For the creator of Sailormoon to incorporate homosexuality and gender neutrality in her content so long ago was really something. But I do also feel that this concept of femininity vs masculinity was never that much of a polar opposite in Asian societies. For a start, if we look at dresses, the male and female dressed very much similarly very long ago (i.e. 2000 years ago for the Han, and as recent as 500 years ago for the Manchurians). Men wore skirts/robes, and women were also known to cross-dress as men openly, not to be disguised as a man (unlike in many shows we watch), but just because it’s fashionable to wear the ‘power suit’. And yes, the power suit is making a come back this year I heard. So I am going to wear my Tang dynasty male robe as my form of power suit for this year!
But what I also want to talk about is the fierce loyalty that Sailor Uranus and Sailor Neptune shared, which is very much similar to that bond between Green and White Snake spirits.
Long story short, in order to fight the evil mastermind, Sailormoon would need to gather 3 talismans. And the evil mastermind would also gain power by having the 3 talismans (similar to how one need to gather all the infinity stones to gain power). They found out that 2 of the talismans were the heart of Sailor Uranus and Sailor Neptune respectively, so the evil mastermind extracted Sailor Neptune’s heart and obtained her mirror which is the talisman. When Sailormoon arrived, Sailor Uranus turned the heart extracting gun on her own heart and handed her talisman which is her Space Sword to Sailormoon so she has a chance to fight against the evil mastermind.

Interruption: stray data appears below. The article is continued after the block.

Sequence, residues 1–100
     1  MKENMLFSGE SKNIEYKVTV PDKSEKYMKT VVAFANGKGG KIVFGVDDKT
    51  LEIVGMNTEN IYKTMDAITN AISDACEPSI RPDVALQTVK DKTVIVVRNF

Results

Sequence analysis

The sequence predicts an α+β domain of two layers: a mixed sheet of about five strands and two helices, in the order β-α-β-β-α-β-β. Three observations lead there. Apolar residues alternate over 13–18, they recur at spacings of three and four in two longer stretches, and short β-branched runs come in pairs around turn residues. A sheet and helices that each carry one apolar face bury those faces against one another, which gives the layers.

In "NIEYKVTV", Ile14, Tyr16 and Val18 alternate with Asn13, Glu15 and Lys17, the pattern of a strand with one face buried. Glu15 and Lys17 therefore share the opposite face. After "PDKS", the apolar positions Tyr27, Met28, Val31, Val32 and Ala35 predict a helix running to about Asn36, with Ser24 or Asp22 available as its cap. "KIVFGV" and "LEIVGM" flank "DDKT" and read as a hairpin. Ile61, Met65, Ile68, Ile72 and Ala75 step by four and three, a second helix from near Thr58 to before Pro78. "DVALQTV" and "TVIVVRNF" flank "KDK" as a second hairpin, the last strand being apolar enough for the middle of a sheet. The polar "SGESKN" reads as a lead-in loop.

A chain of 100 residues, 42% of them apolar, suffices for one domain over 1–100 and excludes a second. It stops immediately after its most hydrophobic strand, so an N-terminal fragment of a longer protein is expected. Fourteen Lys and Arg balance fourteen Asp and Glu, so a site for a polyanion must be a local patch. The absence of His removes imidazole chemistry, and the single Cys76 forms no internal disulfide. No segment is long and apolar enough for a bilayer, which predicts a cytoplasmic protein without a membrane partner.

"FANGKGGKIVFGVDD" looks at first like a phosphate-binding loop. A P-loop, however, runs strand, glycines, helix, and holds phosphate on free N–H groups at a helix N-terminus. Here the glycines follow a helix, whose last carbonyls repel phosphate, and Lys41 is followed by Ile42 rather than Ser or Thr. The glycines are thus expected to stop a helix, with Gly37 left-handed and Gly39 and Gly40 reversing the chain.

The death of Sailor Neptune and Sailor Uranus in the same episode was said to be one of the most dramatic death scenes of the lot. You can watch that moment HERE.
I did a lot of couple shot for Sailor Uranus and Sailor Neptune because that was the highlight for Jiaye when she grew up watching this series. She said because of this show, she respected homosexuality growing up. And I think if we look at the context of the original story of Green Snake and White Snake, and how Green Snake was fiercely loyal to White Snake, and fought the powerful monk to her death (one of the versions).
In many ways, there are so many parallels between these two couples whose relationship straddles between the grey line between friendship and romantic love.
What I find fascinating about Asian culture is the immense gray areas which everyone seems to be perfectly comfortable with. I have to admit growing up in a more westernized environment, I’m not entirely comfortable with it–I needed certainty. But as I age, I am starting to appreciate the subtleties and nuances, and I also witnessed how as societies we are also engaging in more civil discourses and open discussions about these grey areas. That is a sign of maturity I believe, and a type of maturity which the Chinese society once witnessed and understood.